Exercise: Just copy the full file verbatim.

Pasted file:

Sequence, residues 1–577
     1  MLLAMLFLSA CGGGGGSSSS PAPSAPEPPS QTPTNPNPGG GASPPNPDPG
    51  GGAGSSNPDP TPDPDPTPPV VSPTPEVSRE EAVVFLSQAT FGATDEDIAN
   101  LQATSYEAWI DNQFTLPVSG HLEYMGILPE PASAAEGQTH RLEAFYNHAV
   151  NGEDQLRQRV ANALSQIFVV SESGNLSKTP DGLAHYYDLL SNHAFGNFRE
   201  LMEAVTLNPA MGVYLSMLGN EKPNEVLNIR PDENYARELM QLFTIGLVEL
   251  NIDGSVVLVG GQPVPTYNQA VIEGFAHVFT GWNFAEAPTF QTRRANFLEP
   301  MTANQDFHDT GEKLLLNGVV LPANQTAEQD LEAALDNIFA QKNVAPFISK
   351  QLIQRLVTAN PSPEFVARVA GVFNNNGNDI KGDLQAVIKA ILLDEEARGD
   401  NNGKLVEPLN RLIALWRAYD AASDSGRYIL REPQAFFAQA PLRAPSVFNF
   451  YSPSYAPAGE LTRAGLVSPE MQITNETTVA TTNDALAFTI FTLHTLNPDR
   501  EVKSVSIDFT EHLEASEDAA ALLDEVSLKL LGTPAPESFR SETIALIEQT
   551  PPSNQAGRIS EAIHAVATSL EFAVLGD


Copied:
Sequence, residues 1–577
     1  MLLAMLFLSA CGGGGGSSSS PAPSAPEPPS QTPTNPNPGG GASPPNPDPG
    51  GGAGSSNPDP TPDPDPTPPV VSPTPEVSRE EAVVFLSQAT FGATDEDIAN
   101  LQATSYEAWI DNQFTLPVSG HLEYMGILPE PASAAEGQTH RLEAFYNHAV
   151  NGEDQLRQRV ANALSQIFVV SESGNLSKTP DGLAHYYDLL SNHAFGNFRE
   201  LMEAVTLNPA MGVYLSMLGN EKPNEVLNIR PDENYARELM QLFTIGLVEL
   251  NIDGSVVLVG GQPVPTYNQA VIEGFAHVFT GWNFAEAPTF QTRRANFLEP
   301  MTANQDFHDT GEKLLLNGVV LPANQTAEQD LEAALDNIFA QKNVAPFISK
   351  QLIQRLVTAN PSPEFVARVA GVFNNNGNDI KGDLQAVIKA ILLDEEARGD
   401  NNGKLVEPLN RLIALWRAYD AASDSGRYIL REPQAFFAQA PLRAPSVFNF
   451  YSPSYAPAGE LTRAGLVSPE MQITNETTVA TTNDALAFTI FTLHTLNPDR
   501  EVKSVSIDFT EHLEASEDAA ALLDEVSLKL LGTPAPESFR SETIALIEQT
   551  PPSNQAGRIS EAIHAVATSL EFAVLGD